"Buenos dias", "buenas noches" -- this was the first words in a foreign language I heard in my life, as a three-year old boy growing up in developing post-war Western Germany, where the first gastarbeiters had arrived from Spain. Fascinated by the strange sounds, I tried to get to know some more languages, the only opportunity being TV courses of English and French -- there was no foreign language education for pre-teen school children in Germany yet in those days. Read more
To find some answers Tim Machan explores the language's present and past, and looks ahead to its futures among the one and a half billion people who speak it. His search is fascinating and important, for definitions of English have influenced education and law in many countries and helped shape the identities of those who live in them.
This volume provides a new perspective on the evolution of the special language of medicine, based on the electronic corpus of Early Modern English Medical Texts, containing over two million words of medical writing from 1500 to 1700.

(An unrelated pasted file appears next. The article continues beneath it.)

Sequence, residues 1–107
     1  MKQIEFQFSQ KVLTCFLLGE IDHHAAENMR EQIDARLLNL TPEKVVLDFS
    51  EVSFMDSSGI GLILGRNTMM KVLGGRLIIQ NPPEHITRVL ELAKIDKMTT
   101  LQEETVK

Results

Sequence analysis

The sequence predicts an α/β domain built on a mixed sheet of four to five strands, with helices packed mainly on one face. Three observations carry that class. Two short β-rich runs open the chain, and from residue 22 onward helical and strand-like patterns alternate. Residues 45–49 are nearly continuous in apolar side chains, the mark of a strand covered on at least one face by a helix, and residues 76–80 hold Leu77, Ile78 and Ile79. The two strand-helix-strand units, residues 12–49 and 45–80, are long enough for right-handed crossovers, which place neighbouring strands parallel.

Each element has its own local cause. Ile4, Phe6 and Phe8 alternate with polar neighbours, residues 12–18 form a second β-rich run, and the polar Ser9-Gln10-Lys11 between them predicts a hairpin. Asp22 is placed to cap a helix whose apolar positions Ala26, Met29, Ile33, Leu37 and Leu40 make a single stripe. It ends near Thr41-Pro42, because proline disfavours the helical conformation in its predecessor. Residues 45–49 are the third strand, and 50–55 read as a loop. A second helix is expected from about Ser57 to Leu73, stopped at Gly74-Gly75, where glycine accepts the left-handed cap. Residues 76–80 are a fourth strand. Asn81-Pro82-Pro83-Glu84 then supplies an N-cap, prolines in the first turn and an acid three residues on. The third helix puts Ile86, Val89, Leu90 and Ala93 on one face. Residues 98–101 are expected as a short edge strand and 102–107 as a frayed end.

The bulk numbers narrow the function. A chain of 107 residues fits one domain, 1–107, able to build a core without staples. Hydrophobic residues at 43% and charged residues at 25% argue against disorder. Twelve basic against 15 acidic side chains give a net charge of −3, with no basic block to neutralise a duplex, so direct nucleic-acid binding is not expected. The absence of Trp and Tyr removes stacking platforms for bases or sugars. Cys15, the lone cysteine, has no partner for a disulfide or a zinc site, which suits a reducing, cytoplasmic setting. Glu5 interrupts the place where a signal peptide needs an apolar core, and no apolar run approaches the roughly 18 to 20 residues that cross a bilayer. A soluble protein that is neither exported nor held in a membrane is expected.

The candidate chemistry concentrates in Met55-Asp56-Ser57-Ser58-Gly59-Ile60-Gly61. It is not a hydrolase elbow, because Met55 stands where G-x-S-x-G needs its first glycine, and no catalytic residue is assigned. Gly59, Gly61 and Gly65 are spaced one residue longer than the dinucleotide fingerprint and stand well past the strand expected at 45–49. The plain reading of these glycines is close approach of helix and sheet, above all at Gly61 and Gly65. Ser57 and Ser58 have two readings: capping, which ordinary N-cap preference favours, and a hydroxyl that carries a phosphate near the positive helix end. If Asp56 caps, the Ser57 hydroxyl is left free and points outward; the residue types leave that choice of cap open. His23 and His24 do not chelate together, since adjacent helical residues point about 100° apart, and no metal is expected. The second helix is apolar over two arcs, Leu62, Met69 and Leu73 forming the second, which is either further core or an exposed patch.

Fossilization in Adult Second Language Acquisition
Researchers often use metaphors to define abstract or complex phenomena in terms of more familiar concepts (Honeck & Temple, 1992). Fossilization (Selinker, 1972) is a trope coined to conceptualize a widely known but poorly understood characteristic of the majority of adult second language (L2) learners: failure to achieve targetlike competence despite continuous exposure to the target language, adequate motivation to learn, and sufficient opportunity for practice. Challenged by researchers who question the utility of the concept (see the overview in Long, 2003), Han's comprehensive and coherent eight-chapter book provides theoretical and empirical justification for the use of fossilization as an organizing trope (Kupferberg & Green, 1998) that encapsulates the meaning of adult SLA processes.